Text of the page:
Dysfunctional family dynamics and the malaise of Swiss suburbia were at the heart of director Ursula Meier’s first two features, Home (2008) and Sister (2012), and they very much form the crux of The Line (La Ligne), which follows an explosive mother-daughter relationship that begins with a bang and takes a while to settle down from there.
Starring Belgian musician and actress Stéphanie Blanchoud as a singer-songwriter who has a major bone to pick with her classical pianist mom, the film offers up intensly ripe performances that can sometimes go too far — especially in the case of Valeria Bruni Tedeschi, who plays a manic woman in dire need of a powerful mood stabilizer.
Explosive but unsatisfying.
Indeed, the problem with Meier’s latest, despite the strong cast and solid direction, is that it explores the tense and thorny nature of blood ties without ever delving into the psychology of it all, often leaving us in the dark as to why the characters behave the way they do.
When you open your movie with a daughter smacking the bejesus out of her mommy, it would be nice to know why she did that. But the director, who co-wrote the script with Blanchoud and Antoine Jaccoud, seems to purposely avoids explanations as her film moves from one volatile event to another, and the result doesn’t fully convince.
Still, there are plenty of potent moments in this well-acted drama, which begins with Margaret (Blanchoud) going after Christina (Bruni Tedeschi) in a slow-motion fight sequence where dishes explode, faces get smacked, sheet music flies in the air and blood begins to flow.
The rest of the movie follows the aftermath of that vicious dispute, which leads to a restraining order against Margaret that forces her to stay a hundred meters away from her mom’s home. In order to preserve the boundary, her younger stepsister, Marion (the excellent Elli Spagnola), paints a pink circumference around the house that gives the film its title. The question is: Will Margaret cross a line she’s crossed many times before?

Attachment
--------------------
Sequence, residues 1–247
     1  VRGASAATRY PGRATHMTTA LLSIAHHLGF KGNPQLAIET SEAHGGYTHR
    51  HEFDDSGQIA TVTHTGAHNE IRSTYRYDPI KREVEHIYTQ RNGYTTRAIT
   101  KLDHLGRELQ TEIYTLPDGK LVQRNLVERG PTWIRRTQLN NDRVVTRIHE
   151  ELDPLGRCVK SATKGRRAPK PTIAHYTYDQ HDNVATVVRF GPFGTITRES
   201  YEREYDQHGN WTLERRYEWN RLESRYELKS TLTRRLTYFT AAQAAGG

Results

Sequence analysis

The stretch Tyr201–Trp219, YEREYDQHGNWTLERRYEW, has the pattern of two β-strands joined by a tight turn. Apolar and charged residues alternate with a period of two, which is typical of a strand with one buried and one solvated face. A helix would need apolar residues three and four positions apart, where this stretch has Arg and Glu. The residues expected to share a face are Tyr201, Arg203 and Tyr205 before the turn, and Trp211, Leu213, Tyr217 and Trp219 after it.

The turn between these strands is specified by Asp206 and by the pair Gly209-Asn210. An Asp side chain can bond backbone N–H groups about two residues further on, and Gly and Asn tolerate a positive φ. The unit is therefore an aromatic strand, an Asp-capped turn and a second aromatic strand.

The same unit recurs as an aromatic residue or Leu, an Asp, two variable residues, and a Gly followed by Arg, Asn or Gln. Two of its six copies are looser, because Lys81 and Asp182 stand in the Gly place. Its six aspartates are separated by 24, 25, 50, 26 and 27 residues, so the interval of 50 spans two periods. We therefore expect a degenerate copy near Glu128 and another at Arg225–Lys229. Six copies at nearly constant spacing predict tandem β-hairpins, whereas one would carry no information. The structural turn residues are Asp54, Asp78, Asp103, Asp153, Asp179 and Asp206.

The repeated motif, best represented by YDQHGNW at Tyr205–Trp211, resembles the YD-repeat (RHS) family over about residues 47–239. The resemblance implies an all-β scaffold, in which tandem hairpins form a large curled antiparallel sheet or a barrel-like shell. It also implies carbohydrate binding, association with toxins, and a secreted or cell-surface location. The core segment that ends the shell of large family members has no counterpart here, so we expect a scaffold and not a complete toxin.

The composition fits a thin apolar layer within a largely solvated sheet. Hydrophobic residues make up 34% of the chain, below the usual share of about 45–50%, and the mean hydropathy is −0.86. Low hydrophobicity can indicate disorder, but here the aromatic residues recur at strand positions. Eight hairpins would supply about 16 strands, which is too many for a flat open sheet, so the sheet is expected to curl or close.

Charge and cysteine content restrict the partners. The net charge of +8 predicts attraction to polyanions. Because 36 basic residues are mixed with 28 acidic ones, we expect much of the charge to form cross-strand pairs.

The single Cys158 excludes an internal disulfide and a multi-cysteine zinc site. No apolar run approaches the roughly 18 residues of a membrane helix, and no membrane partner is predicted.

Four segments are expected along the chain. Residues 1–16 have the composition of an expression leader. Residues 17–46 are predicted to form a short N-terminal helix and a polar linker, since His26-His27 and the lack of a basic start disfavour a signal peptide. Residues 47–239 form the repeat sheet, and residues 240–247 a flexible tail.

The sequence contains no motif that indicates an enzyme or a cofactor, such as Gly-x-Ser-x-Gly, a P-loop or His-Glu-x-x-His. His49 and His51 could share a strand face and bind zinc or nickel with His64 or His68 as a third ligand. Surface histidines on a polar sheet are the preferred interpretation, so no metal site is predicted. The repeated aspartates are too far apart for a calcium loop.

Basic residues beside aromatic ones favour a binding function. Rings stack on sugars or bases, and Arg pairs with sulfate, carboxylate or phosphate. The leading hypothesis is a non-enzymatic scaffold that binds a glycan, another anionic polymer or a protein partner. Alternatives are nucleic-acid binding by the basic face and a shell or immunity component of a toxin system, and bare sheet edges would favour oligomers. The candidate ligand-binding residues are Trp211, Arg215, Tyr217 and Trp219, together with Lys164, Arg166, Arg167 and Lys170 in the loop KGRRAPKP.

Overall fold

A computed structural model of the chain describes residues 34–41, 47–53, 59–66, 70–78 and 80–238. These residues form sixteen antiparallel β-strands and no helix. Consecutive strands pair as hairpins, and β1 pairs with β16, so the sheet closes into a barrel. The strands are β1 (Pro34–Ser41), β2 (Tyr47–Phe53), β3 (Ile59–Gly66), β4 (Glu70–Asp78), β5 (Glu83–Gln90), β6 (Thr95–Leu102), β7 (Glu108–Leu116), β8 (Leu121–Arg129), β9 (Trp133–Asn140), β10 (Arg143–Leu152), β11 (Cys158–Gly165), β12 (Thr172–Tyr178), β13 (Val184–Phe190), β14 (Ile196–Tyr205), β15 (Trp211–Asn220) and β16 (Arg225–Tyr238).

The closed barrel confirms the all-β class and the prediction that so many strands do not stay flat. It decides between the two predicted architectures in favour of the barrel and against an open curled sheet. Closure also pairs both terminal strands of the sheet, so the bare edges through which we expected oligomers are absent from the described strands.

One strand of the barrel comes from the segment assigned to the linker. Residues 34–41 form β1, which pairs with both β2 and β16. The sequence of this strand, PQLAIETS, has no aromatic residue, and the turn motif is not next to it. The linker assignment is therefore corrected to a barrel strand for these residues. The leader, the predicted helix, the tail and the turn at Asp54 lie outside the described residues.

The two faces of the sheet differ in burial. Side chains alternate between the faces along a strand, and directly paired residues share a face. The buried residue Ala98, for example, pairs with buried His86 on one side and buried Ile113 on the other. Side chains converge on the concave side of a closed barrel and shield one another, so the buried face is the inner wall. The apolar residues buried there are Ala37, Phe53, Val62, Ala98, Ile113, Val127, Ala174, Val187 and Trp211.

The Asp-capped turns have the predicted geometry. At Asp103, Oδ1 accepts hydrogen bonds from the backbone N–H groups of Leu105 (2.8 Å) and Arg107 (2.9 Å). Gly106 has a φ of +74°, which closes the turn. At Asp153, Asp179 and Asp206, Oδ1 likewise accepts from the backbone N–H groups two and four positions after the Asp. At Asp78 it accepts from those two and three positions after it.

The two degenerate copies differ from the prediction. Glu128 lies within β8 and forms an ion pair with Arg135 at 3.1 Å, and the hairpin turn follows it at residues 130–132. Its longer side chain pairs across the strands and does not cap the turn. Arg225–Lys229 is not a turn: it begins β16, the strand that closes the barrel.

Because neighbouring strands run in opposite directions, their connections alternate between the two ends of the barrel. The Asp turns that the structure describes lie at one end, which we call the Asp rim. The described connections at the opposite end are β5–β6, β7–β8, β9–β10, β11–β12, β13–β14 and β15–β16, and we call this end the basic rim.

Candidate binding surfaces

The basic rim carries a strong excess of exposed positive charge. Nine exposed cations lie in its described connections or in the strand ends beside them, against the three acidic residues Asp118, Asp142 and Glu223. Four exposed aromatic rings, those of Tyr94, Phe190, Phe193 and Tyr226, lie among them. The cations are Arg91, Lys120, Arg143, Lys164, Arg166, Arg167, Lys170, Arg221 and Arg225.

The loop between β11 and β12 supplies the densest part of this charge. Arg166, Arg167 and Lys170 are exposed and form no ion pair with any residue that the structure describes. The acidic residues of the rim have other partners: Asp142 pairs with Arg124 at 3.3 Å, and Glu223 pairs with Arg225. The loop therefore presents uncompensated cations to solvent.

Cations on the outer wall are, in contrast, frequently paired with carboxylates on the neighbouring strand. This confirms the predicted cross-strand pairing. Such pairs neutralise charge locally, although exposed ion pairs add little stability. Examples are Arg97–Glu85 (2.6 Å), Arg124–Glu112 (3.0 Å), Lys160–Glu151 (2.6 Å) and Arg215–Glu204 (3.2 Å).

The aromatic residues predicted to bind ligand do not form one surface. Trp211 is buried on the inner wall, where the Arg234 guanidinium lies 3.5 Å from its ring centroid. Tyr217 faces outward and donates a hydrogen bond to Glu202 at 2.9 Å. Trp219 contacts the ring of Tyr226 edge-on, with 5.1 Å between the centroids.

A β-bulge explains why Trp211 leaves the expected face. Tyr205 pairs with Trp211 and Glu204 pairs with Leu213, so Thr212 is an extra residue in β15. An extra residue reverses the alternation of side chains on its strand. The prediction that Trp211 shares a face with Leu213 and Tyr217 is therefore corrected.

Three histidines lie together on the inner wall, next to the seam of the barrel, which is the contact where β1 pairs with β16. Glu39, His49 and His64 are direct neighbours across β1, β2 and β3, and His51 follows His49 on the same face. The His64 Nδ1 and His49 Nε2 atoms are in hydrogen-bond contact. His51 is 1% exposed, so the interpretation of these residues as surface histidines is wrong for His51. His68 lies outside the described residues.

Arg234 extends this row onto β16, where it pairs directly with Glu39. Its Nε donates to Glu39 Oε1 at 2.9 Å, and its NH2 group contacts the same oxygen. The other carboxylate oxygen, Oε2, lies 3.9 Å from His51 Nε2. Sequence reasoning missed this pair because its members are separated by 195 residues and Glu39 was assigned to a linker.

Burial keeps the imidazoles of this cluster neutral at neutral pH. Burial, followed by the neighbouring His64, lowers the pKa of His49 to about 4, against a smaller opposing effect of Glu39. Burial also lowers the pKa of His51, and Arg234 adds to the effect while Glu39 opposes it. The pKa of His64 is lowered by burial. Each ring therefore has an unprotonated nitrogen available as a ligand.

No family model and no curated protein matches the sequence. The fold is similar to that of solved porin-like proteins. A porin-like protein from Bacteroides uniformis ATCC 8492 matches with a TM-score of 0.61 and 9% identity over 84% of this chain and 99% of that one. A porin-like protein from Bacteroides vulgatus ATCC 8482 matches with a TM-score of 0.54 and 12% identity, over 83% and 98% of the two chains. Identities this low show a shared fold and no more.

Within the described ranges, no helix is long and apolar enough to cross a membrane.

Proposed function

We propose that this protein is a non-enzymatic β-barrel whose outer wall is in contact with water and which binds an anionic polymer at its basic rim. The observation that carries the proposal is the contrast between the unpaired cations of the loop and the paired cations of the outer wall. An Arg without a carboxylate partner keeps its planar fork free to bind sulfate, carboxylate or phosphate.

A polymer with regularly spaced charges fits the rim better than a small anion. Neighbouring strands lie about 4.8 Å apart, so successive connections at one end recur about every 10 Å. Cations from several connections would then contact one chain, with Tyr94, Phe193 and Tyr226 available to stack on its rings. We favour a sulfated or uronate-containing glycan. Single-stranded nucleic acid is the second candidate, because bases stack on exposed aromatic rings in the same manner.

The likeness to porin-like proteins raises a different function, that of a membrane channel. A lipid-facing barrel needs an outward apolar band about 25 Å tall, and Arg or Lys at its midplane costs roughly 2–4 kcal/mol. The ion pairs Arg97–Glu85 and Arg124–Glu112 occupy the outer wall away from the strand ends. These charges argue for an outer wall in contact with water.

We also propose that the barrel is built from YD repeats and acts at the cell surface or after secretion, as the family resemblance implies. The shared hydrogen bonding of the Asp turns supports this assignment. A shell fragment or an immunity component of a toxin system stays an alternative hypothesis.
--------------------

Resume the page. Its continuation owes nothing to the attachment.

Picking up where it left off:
The eruptive personalities of Margaret and Christina add tension to the story, and Meier tries to show how they have a lot in common despite their glaring differences. Both are talented musicians, although Christina gave up her career as a concert pianist to raise her two daughters (the second one, Louise, is played by India Hair), settling down in a godforsaken corner of Switzerland to teach music at home, and clearly regretting every minute of it. Why she didn’t go to Geneva or another, more culturally vibrant city, where she and her children could possibly have thrived, is a question the film never bothers to address. (Another is what happened to the girls’ father, whom nobody ever mentions.)
Once Margaret understands she can no longer violate her mother’s safe space, she does her best to stay close with Marion, offering the girl singing lessons that she administers from across the family border. Meanwhile, Christina, who lost her hearing in one ear after the opening brawl, breaks up with Marion’s dad but soon finds love in the young Hervé (Dali Benssalah), resulting in several uncomfortable scenes where she cuddles up in front of the kids.
Bruni Tedeschi has never been the subtlest of actresses, but someone turned up her volume way too high on this production, making her character lose credibility. A sequence where Christina plays a solo for the last time before her piano gets shipped off is both touching and over-the-top: She’s so much of a drama queen that her emotions are constantly quashed by all the excess.
You have to accept these people for who they are, but Meier doesn’t give us enough to help us believe in them. As much as the idea of therapy as a cure-all can seem simplistic, these characters could certainly use it, and the fact that such an idea is never alluded to, or a sustained conversation never had about anything substantial, is frustrating.
Blanchoud, who’s a talented singer herself, makes Margaret both compelling and a bit of an enigma. She’s fighting a mother figure she both loves and loathes, trying to forge her own path, yet she’s incapable of coherently expressing herself outside of her music. As the film progresses, she learns how to control her anger, but again, we never know why, and the denouement sets her on a better path while leaving us mostly unsatisfied.
Working with cinematographer Agnès Godard and editor Nelly Quettier, both veterans of Claire Denis, Meier captures the abrasive mood swings against a gloomy backdrop of prefab homes and bland shopping centers, the Alps lingering majestically in the distance. Like her earlier films, The Line reveals a side of Switzerland far from the picturesque vistas you see in all the James Bond movies — a place where people struggle to get by and struggle with one another, and where home is rarely where the heart is.